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Personal Responsibility

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Stories of environmental illness and people with irreparably damaged immune systems are fairly common. Unless society works to change, you can expect to hear even more. Your body is increasingly taxed by the cumulative, damaging effects of pollutants. Unless everyone starts to take preventive measures, society will succumb to environmental illness.

Stories of environmental illness and people with irreparably damaged immune systems are fairly common. Unless society works to change, you can expect to hear even more. Your body is increasingly taxed by the cumulative, damaging effects of pollutants. Unless everyone starts to take preventive measures, society will succumb to environmental illness. Take responsibility.

  • Become aware of environmental issues and incorporate earth-friendly and conservation habits into your lifestyle.
  • Rethink, reduce, reuse, repair and recycle.
  • Use renewable resources.
  • Use products not tested on animals.
  • Support earth-friendly organizations, politicians and legislation.
  • Support responsible business; invest in ethical and green mutual funds.
  • Grow or buy organic produce not only is it healthier for you, but it is a way of earth stewardship.
  • Eat unprocessed foods. Refining, processing and packaging use lots of energy and result in nutritionally deficient food.
  • Reduce the use of synthetics and plastics they are polluting and are often made from non-renewable resources.
  • Reduce your meat consumption to conserve natural resources such as water and to reduce pollution.

The ultimate goal in creating a healthy living space is to foster a healthy planet. Conservation and awareness are the first steps toward ensuring a livable world. Start with small, manageable steps to create a healthy living space for yourself, your family and others.

Corporate Responsibility for the Environment

Native to Africa, the oil palm was first introduced to Southeast Asia by the Dutch in 1848, but due to the attention that was being given to rubber trees at that time, its value went largely unnoticed. Today, Malaysia's oil palms are the world's most productive oil-yielding crop.

Palm oil was consumed as an important source of dietary fat long before it became one of the world's most sought after agricultural commodities. The availability of dietary fat was severely limited in Asia during World War I and World War II, and so daily doses of palm oil were taken to supplement the diet.

The oil palm thrives naturally in Malaysia's ideal climate and soils. However, before Malaysia emerged as the world's leading producer of palm oil, the seeds of industrialization had to be carefully planted and cultivated with astute foresight, proficient scientific research and plenty of hard physical work.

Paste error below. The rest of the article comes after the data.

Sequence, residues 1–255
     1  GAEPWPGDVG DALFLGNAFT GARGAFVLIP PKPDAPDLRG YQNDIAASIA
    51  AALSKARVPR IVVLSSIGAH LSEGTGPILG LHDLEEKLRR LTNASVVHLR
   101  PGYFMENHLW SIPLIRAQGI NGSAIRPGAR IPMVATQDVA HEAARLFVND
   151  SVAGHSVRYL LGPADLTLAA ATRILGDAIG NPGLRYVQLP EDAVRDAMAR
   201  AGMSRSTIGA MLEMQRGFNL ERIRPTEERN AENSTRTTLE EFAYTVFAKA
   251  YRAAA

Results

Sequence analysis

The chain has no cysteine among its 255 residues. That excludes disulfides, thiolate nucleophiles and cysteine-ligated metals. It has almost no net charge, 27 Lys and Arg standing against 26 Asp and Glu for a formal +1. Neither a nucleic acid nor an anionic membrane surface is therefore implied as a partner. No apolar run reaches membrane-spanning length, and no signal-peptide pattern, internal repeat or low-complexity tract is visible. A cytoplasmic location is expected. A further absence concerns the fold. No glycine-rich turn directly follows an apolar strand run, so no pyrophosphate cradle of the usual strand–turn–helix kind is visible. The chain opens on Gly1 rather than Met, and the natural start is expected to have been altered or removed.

The momentum, the interest and the experience that had developed gradually during the early decades of palm oil production came together in the late 1950s and early 1960s. First, oil palms were planted in alluvial soils located in the fertile lowlands, soils which could sustain demanding crops like the oil palm. Then, in the years between 1960 and 1990, investment and research went into implementing a crop diversification program to boost Malaysia's economy. Unprecedented yields of 4.5 tonnes per hectare were recorded in 1990, almost doubling the 2.6 tonnes per hectare of 1960.

One result of the research into palm oil was the discovery of its versatility: not only can palm oil fulfill dietary requirements, but it has uses in agricultural production and industry.

Nearly all of the fatty acids used in the oleochemical industry are derived from natural fats and are therefore attractive as ecologically sound alternatives to petroleum-based chemicals. Palm oil has made substantial gains over beef tallow in the market for distilled fatty acids, methyl esters and refined glycerin. Distilled fatty acids are used in the manufacture of soap and candles, while toiletries, cosmetics, pharmaceuticals, humectants and emulsifiers are made from refined glycerin.

Perhaps the most exciting development with palm oil is the research in using methyl esters to produce vegetable oil fuel, which has none of the toxic emissions associated with petroleum/diesel fuel, and provides better fuel efficiency.

Along with Malaysia's success in producing more than one-third of the edible oils and fats (and their by-products), comes great responsibility. Efforts to preserve the land through means of terracing and complementary crop planting among the palms are ongoing.

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